Analysis Of Do Not Go Gentle Into That Good Night By Dylan Thomas

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Dylan Thomas, a British author in the 1930s and 1940s, wrote about his life experiences and how he was affected by them. One of his most famous poems resulted from a rather emotionally painful period in his life: his father’s slow, lingering death. This close proximity with death led Thomas to evaluate his life and the lives of others, and he wrote a poem about what he had discovered. Dylan Thomas wrote “Do Not Go Gentle into That Good Night” for his father; however, certain aspects of the poem give insight as to how Thomas truly felt about death and how he believed it should be approached. Thomas wrote this poem because his father was dying, and Thomas felt that one should fight back against death. D. J. Thomas, Dylan Thomas’s father, had…show more content…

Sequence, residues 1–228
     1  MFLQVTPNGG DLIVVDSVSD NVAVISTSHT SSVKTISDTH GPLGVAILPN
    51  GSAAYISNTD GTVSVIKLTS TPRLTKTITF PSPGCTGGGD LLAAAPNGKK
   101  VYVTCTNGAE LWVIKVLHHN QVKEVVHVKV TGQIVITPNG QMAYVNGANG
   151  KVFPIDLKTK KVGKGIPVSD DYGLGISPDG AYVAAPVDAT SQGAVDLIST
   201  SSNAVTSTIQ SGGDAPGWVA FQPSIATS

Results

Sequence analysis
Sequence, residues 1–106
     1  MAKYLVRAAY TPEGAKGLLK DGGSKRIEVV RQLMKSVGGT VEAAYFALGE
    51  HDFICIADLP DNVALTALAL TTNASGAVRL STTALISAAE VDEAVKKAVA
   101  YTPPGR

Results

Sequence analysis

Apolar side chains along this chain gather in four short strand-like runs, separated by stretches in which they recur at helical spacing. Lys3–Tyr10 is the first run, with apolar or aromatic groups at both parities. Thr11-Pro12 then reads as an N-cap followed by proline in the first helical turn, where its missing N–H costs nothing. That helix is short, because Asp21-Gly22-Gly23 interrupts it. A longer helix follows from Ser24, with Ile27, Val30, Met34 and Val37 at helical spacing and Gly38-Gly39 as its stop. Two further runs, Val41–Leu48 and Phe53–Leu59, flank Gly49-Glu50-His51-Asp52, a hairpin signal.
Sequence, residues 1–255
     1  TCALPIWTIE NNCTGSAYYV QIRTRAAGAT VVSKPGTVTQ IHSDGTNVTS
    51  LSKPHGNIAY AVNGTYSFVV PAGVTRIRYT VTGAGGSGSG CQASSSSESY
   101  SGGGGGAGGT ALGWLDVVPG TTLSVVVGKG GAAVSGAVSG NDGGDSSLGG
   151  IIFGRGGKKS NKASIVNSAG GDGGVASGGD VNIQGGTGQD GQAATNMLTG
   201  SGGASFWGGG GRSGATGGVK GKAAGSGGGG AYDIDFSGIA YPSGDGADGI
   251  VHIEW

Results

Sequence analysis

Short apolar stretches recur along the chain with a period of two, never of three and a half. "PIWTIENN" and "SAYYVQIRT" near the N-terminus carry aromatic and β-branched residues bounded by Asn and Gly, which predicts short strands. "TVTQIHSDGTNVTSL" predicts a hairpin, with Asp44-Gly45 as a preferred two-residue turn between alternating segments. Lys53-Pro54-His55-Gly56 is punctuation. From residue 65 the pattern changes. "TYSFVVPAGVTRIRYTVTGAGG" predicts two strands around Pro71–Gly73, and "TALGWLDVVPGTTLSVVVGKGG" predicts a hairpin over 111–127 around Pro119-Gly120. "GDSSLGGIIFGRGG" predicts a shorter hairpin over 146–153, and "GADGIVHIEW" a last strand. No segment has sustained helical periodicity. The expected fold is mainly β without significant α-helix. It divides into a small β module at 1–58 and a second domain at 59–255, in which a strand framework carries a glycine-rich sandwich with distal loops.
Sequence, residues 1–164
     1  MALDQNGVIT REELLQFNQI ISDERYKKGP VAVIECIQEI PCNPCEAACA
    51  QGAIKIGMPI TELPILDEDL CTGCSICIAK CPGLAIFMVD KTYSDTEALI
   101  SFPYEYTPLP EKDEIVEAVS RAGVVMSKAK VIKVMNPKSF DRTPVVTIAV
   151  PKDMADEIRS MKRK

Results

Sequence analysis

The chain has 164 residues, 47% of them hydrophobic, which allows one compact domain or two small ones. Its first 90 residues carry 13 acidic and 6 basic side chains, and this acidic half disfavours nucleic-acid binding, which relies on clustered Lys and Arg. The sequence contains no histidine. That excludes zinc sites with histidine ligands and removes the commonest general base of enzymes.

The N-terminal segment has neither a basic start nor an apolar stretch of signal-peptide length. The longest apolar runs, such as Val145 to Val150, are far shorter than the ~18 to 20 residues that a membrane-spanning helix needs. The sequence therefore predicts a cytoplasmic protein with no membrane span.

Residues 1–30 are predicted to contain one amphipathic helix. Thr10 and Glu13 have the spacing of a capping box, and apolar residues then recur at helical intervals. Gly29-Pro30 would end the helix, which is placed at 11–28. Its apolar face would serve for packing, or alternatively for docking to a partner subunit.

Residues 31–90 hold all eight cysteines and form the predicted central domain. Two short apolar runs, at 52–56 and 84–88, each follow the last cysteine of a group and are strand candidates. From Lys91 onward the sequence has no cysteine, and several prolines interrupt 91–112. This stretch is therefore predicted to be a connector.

The poem says to “rage” against dying, yet it does not offer a clear explanation as to why fighting is more respectable than peaceful acceptance of death (Napierkowski, Ruby 53). It seems that each stanza explains how different men have not fulfilled their duties in life; therefore, the assumed moral of the poem would be to live life to the fullest. It “advocates affirming life up until the last breath, rather than learning to accept death quietly” (Napierkowski, Ruby 49). Though this appears to be a valid analysis, there is another theory that further exemplifies the reason why Thomas wrote the poem to begin with. It is possible that the poem is not offering advice, but rather showing how distraught Thomas is, and how he refuses to accept his father’s weakness and instead evokes rage (Napierowski, Ruby 53). Perhaps the controversial term “good night”, is not truly portraying death as peaceful, but instead it is used as a euphemism to minimize how painful Thomas’s father’s death really is (Hochman 56). While Thomas writes about how people should fight for their lives and “rage” against death, he also lets it show how much death affects his life and those around him. “By raging “against the dying of the light,” by struggling against death, the dying demonstrate –or so the living would like to believe- their love for those who will be left behind” (Hochman 58). Though Thomas is asking his father to fight for life, he is also hoping that his father does so in order to show his love for Thomas. Thomas feels that if his father tries to stay alive, he is proving how much he cares about his

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